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Geek Gang Away

Tour takes the taboo out of the Segway


At certain times in our lives, we have to put our egos aside. Sometimes, it's for the greater good. Sometimes, it's an act of selflessness. Sometimes, it's being willing to look like a complete dork in the name of fun.

Donning a bike helmet and riding through downtown on a high-tech scooter with seven other people is a humbling experience. Stripped of any form of pride, you begin to lose some of your grown-up self-consciousness and suddenly revert to childhood, when fun took priority.

Who knew such revelations could come from a Segway?

The two-wheeled personal transportation vehicles have been around for years, but they are still rare enough to garner stares from the curious. Until recently, there have been only a handful around the valley, ridden by tech-savvy commuters.

But now, a Boise company is giving the public the chance to ride a Segway without plopping down roughly $5,000 to own one.

Adventure Tours of Idaho has set up shop in a storefront near the Grove Plaza, offering Segway rentals and guided tours of downtown. Nearly any day of the week, passersby can be found gawking at the machines parked out front.

On a recent afternoon, a group from Boise Weekly decided to quench our curiosity the only way possible--by spending an afternoon on a Segway.

We started our adventure by watching the required safety video, which cuts between images of happy Segway riders buzzing across a multitude of surfaces, and the unhappy Segway stick-figure rider who manages to flip his ride a lot.

As soon as we signed the waiver, we were left staring at what suddenly had become menacing vehicles. We completed our ego strip down by strapping on bike helmets and gingerly stepping onto the machines.

Segways are self-balancing, and the sensation of having something else control your center of gravity takes a little getting used to. All seven BW staffers slowly traveled up and down the breezeway next to the Grove Plaza as our guide, Cindy Davis, helped each of us learn how to delicately move forward by putting pressure on our toes, and turn by rotating the handlebars.

Once we were all up and moving, it was time to hit the streets. Rolling down the sidewalk in a single-file line, we looked like a roving geek gang out to start trouble with a scooter crew.

In no time, we had forgotten how silly we looked and were creating synchronized formations and patterns whenever we came to a parking lot or plaza. We quickly found our comfort level after clearing a few curbs and were soon diligently following our guide like a flock of high-tech sheep.

Our tour of historic Boise led down the back alleys of the city, while Davis shared stories about landmarks like the Idanha and the Capitol, and long-gone Chinatown and red-light district.

It was a similar tour in Reno, Nev., that planted the Boise Segway tour idea in the head of Adventure Tours co-owner Greg Reir. He was visiting a friend who had arranged for a tour to celebrate his wife's birthday. Reir admitted he wasn't all that into it at first.

"I thought it was pretty dorky, honestly," he said. "But I had a blast. I felt like a kid riding a bike for the first time."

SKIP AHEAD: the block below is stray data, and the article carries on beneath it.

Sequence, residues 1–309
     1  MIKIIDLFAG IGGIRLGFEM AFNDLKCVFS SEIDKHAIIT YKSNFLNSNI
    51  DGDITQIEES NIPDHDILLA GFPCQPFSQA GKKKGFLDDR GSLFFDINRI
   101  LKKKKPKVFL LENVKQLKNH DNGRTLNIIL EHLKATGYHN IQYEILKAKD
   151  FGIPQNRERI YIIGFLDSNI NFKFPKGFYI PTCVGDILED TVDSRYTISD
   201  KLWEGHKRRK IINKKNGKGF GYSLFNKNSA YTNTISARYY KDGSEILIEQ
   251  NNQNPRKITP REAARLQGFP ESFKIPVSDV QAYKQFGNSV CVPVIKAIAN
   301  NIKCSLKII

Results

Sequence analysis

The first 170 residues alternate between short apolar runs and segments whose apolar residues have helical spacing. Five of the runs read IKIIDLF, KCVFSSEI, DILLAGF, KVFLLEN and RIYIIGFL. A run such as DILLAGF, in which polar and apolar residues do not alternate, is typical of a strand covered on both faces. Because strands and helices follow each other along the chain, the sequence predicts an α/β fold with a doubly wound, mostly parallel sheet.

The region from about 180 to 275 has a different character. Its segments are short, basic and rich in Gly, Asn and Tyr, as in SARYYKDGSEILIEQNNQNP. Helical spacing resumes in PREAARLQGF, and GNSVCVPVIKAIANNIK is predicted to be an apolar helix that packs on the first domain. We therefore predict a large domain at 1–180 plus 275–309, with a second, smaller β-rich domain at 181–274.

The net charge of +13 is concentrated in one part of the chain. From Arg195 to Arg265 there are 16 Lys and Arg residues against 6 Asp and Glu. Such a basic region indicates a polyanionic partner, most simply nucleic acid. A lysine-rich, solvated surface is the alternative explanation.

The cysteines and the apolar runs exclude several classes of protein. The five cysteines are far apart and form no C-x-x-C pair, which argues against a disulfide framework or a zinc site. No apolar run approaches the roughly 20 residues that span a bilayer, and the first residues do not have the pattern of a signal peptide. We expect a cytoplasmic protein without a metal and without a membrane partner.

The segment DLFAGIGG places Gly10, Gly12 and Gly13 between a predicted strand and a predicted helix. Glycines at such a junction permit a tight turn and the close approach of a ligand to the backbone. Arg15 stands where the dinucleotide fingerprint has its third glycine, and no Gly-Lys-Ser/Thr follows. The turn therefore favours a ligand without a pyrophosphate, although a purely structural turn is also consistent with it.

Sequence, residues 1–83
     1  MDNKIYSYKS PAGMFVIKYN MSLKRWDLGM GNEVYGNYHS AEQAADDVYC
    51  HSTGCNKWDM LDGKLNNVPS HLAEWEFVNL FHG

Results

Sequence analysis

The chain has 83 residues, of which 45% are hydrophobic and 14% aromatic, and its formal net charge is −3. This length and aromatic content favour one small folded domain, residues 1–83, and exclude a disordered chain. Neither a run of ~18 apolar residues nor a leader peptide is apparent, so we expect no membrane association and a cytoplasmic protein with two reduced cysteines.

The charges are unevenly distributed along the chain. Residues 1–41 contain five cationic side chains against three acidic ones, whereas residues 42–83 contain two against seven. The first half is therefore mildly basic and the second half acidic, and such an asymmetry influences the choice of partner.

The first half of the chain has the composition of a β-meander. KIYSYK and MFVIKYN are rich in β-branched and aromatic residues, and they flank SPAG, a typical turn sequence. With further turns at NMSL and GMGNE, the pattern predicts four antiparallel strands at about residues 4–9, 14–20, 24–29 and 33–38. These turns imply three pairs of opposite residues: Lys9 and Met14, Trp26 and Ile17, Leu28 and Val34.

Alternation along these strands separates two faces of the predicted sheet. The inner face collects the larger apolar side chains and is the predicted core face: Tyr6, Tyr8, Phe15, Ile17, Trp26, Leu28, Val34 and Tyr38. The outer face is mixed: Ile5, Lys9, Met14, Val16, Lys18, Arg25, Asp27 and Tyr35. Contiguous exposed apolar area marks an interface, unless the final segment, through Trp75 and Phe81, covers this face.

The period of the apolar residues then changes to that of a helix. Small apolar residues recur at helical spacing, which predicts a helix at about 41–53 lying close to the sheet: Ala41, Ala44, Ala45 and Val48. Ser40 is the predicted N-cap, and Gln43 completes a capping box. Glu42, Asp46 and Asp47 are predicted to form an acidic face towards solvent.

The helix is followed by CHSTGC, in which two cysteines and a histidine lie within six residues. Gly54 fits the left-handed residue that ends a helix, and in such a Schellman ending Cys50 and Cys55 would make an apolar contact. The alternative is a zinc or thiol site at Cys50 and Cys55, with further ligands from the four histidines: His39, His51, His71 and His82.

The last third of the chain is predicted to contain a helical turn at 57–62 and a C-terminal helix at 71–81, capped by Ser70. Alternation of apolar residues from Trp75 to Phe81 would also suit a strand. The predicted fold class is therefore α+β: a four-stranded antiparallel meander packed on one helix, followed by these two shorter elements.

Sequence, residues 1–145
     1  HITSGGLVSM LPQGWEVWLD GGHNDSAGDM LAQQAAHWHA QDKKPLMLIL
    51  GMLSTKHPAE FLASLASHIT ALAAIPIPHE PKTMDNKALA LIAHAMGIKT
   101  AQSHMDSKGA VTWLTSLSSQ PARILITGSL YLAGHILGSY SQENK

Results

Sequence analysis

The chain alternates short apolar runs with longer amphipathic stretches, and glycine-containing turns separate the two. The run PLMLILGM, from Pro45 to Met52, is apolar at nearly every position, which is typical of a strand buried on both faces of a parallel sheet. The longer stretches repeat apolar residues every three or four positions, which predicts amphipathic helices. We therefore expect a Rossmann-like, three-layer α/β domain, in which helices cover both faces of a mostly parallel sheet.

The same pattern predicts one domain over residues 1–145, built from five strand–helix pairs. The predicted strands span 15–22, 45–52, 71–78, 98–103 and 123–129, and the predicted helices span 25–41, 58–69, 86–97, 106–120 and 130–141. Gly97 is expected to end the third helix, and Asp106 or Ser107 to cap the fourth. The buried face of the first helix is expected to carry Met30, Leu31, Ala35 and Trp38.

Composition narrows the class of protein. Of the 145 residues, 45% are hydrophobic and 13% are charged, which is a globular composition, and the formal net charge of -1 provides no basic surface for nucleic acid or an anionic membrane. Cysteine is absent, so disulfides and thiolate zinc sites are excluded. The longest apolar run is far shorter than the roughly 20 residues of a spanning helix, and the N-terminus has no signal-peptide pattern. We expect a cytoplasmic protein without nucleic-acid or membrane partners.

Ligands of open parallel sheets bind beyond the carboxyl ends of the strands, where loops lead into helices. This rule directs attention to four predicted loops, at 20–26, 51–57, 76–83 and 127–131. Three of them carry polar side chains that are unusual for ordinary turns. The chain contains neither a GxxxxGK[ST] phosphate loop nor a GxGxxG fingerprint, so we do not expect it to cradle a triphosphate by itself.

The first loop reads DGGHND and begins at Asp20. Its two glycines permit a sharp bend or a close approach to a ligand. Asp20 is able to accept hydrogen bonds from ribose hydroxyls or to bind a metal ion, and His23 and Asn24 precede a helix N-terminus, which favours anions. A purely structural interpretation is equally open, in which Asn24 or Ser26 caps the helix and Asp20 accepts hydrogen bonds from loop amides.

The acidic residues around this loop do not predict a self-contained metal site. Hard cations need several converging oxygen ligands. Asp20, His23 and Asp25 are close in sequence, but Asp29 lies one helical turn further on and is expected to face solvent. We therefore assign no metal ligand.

Reir never considered Segways as a way to commute but thought they would be the perfect way to show Boise visitors the city. "It's a fun way to go from Point A to Point B," he said.

Reir and his business partner, Tom Pedilla, found a Segway dealership in Idaho Falls--which specialized in selling the larger-wheeled versions of the machine to farmers and ranchers in the area. Reir said the dealership sold 76 Segways in a single year and found success with a rental program it started.

Reir bought eight machines, found an office location and picked the brain of former Boise city historian, Todd Shallot, for interesting tidbits about the city. Shallot wrote the script for the historic tour, throwing in assorted urban legends and ghost stories as well.

Adventure Tours opened its doors on April 1 and has seen steady interest from visitors looking for tours, and locals who just want to tool around on the machines for a few hours.

But for Reir, the secret to riding a Segway is riding in a pack.

"You don't hear anything negative when you're in a group," he said, adding that the hecklers only seem to come out when someone is riding alone.

The herd approach definitely seemed to work in the favor of the BW Segway team. Passersby, both on foot and in cars, smiled and commented as the motley crew worked its way down the sidewalk. One staffer commented that she felt as if we were all part of a David Lynch movie, only we didn't have a copy of the script.

As we made our way across Boise, our toes going a bit numb after so long on the machines, we got a little cocky in Capitol Park, riding across the grass and turning in tight, circular formations. By this point, we felt like experts and had nearly forgotten just how silly we looked to everyone not on a Segway.

After we returned the machines to the shop and began the agonizingly slow two-block walk back to our office, sans helmets, something more seemed missing. Then, we realized drivers were no longer smiling at us as we passed. We actually missed our Segways.

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